dungeon riff: the forest as mythic otherworld

In a recent post I spoke fondly of my appreciation for the “Dungeon as Mythic Underworld” (DAMU) trope that has circulated around the Old School Renaissance blogosphere.  Much as I enjoy dungeon crawling as a D&D player and referee, “exploring a vast subterranean complex filled with monsters, traps, and treasure” doesn’t really fit the weird, Gothic, sword & sorcery flavor I want from Pike, Shotte, & Sorcerie. This isn’t to say there won’t be crumbling castles, ruined monasteries, or the occasional haunted crypt to explore, but it seems most appropriate for the bulk of the action to take place above ground.  Thankfully, there is an adventuring environment that has (arguably) equal potential for weirdness and supernatural encounters: the Forest.

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Just about every landscape has its associated legends, but it seems that the Forest is a place of especial dread.  As an archetypal setting, the Forest plays on the fear of the unknown, primal wilderness; to stray from the safe path and venture into its depths is to court disaster.  In PS&S there is no Dungeon as Mythic Underworld; instead, there is the “Forest as Mythic Otherworld.”  The DAMU trope distinguishes between the dungeon and the Dungeon in that not every subterranean locale is part of the mythic underworld; similarly, not every forest is part of the Forest.  What’s the difference between forest and Forest?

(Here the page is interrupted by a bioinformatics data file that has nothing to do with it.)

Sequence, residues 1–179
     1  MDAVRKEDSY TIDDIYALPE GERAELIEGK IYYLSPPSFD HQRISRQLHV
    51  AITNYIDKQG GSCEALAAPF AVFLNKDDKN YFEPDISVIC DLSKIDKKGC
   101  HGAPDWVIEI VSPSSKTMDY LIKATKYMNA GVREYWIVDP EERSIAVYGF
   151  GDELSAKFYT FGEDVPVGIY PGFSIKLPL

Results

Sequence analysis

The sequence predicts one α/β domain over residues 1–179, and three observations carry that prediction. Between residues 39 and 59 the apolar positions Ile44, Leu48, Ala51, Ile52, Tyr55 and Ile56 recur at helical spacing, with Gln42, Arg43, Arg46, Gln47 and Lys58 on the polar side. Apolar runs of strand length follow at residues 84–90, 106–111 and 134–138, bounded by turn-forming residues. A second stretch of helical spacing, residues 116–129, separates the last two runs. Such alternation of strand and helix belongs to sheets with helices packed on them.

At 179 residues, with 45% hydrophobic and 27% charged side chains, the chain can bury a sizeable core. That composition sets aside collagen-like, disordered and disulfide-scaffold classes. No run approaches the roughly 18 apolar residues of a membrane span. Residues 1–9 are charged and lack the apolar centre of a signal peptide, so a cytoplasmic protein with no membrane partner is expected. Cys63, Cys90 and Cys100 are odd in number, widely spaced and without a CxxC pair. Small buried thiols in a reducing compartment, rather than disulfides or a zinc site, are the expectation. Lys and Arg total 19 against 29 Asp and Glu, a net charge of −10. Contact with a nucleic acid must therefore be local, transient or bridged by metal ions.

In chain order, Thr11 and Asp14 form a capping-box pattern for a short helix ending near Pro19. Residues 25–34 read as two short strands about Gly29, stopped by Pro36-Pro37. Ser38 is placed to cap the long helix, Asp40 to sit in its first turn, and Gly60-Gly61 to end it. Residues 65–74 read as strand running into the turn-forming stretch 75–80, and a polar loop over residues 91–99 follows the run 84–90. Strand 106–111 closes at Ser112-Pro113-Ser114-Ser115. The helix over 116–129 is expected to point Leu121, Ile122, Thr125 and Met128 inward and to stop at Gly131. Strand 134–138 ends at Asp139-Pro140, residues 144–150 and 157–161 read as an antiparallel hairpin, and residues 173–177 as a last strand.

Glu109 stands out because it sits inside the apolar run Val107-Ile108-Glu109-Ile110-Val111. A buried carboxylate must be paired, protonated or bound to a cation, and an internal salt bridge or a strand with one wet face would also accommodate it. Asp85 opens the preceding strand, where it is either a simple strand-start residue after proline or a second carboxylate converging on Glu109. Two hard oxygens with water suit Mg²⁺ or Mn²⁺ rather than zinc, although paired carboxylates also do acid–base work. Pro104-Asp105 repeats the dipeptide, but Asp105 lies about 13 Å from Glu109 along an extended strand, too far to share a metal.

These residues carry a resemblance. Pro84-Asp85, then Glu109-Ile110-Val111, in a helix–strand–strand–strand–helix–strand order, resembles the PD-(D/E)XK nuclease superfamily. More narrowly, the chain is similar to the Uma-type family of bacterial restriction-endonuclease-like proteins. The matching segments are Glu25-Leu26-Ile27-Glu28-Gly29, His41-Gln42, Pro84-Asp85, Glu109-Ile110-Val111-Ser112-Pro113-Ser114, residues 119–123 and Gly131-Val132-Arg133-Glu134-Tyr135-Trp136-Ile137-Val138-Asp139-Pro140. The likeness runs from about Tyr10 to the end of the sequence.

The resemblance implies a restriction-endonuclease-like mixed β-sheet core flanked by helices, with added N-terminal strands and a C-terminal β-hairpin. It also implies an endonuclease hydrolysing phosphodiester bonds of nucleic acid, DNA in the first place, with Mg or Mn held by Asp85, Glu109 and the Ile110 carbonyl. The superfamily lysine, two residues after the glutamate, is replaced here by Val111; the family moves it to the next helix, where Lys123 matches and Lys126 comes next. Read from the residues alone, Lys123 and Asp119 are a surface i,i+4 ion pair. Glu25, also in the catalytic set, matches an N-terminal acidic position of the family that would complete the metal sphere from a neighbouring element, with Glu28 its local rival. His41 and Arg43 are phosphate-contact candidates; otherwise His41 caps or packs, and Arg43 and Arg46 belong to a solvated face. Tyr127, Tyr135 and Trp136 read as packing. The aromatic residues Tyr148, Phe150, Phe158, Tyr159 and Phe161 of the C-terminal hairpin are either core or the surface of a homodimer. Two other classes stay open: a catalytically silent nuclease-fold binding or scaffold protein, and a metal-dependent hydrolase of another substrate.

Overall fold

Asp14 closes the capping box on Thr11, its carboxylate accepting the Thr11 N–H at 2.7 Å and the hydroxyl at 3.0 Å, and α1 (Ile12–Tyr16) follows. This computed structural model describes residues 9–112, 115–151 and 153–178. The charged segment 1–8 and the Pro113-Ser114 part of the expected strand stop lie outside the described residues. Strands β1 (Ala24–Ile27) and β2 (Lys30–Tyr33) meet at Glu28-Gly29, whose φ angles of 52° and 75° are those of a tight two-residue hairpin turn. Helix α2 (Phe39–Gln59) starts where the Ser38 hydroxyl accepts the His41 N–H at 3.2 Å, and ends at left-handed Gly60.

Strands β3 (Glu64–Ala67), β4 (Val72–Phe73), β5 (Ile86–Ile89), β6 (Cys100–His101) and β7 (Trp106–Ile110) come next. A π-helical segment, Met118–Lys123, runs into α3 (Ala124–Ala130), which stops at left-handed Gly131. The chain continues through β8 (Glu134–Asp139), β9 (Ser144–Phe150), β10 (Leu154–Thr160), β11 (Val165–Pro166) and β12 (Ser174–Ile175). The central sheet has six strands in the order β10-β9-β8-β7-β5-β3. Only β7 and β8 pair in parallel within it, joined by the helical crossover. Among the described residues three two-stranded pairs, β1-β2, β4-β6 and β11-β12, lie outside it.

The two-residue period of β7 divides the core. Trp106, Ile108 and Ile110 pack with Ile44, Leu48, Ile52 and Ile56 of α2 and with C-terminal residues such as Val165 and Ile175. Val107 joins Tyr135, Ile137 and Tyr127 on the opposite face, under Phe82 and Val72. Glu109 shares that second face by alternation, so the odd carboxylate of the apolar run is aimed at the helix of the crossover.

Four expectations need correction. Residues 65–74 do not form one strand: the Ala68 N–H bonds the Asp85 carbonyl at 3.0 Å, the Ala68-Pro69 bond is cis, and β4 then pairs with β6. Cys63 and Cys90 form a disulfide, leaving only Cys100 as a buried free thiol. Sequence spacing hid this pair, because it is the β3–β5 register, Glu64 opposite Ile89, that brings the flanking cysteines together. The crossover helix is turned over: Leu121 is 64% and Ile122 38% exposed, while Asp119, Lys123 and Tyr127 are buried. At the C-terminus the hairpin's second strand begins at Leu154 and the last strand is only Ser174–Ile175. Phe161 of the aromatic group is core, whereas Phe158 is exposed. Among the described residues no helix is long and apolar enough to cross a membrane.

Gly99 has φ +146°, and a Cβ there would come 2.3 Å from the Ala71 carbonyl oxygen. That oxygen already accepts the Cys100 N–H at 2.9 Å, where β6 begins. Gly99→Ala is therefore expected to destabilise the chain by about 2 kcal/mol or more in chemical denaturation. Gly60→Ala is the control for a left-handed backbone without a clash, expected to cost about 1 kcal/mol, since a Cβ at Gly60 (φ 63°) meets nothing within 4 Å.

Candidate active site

The Forest is alive.  It is governed by a sentience, alien and unknowable to man, by turns indifferent and malignant toward those who intrude upon its verdant realm.  This peculiar, at times sinister aspect of the Forest has been the subject of many theories and speculations through the ages; popular beliefs about the Forest generally occupy positions between the following two views.

  1. The Forest is a Nature spirit whose power should be worshipped (and can be harnessed or channeled) and whose capriciousness must be propitiated.  This belief is typical among those who dwell within or adjacent to the Forest, and in such communities the veneration and practice of the Old Ways are strong.
  2. The Forest is a manifestation of Original Sin’s corruption of the natural world, and completely under the dominion of the Evil One.  To some who hold this position, the Forest is merely to be shunned, but to others it is a stronghold to be assailed and overthrown in the name of God.

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Paths are re-routed as the Forest shifts and grows; thickets, brambles, fallen logs, dense scrub, and other challenging obstacles are raised to bar passages that once were open.

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Clearings that once held villages, chapels, or other buildings are overtaken, leaving only the crumbling, moss- or vine-covered ruins of the structures that once stood.

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More on this very soon…

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One response to “dungeon riff: the forest as mythic otherworld

  1. Pingback: Dolmenwood! | the scroll of gnom-bientus

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